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Traffic Safety in Alberta 

Drugged driving is Impaired driving

Hard facts about drug impaired driving

  • In 2015, nearly half of all 24 hour licence suspensions were due to drug impairment.

  • A recent Canadian study of alcohol and drug use among drivers found that drug use in nighttime drivers exceeded that of alcohol use. In Canada, studies indicate that drugs are found in up to 40 per cent of fatally injured drivers (TIRF).

  • In Alberta, 21 people were killed and 305 people were injured in drug-involved casualty collisions (2010-2014).

  • A growing body of research suggests that marijuana use — particularly chronic use — can negatively affect mental and physical health, brain function (memory, attention and thinking) and driving performance (Canadian Centre on Substance Abuse).

  • About 16 per cent of 15–24 year olds in Canada report riding as a passenger with a driver who has smoked cannabis within the previous two hours (Canadian Centre on Substance Abuse).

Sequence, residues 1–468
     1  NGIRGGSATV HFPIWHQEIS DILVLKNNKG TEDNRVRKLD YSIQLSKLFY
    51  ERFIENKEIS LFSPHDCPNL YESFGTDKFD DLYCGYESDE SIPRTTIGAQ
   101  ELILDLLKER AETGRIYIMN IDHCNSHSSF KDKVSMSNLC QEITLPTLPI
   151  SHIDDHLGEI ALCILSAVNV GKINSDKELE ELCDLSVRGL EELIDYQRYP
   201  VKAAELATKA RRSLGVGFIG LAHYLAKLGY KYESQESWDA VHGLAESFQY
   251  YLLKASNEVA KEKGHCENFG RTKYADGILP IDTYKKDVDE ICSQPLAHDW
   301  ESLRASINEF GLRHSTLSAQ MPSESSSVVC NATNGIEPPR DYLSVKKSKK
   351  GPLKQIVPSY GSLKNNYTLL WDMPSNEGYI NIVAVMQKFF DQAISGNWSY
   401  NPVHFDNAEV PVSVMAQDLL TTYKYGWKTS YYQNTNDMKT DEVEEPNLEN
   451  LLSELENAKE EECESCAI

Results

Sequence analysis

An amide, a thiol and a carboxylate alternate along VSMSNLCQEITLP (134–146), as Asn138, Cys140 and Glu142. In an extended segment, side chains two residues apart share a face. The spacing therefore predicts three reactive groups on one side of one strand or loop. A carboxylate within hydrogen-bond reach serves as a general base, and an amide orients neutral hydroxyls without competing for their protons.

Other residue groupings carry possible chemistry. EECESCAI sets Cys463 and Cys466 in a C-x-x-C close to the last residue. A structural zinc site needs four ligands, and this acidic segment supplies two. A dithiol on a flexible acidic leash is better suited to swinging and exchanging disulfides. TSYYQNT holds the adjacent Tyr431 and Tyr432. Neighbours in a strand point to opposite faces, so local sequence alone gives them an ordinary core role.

• In Canada, cannabis and depressant drugs each accounted for 29 per cent of all drug evaluations conducted in 2013 (International Association of Chiefs of Police, 2014).

The consequences of drug impaired driving:

  • Driving while impaired by drugs and refusing to comply with a demand for physical sobriety tests or to provide bodily fluid samples is a criminal offence.

  • Drivers who are pulled over on suspicion of drug impairment may be asked to complete a Standardized Field Sobriety Test, which checks for divided attention impairment. This test gives an officer reasonable and probable grounds to then ask for a drug recognition investigation.

Learn more on Alberta’s Administrative Licence Suspension.

Read more information about impaired driving prevention in Alberta.

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Last Updated July 29, 2016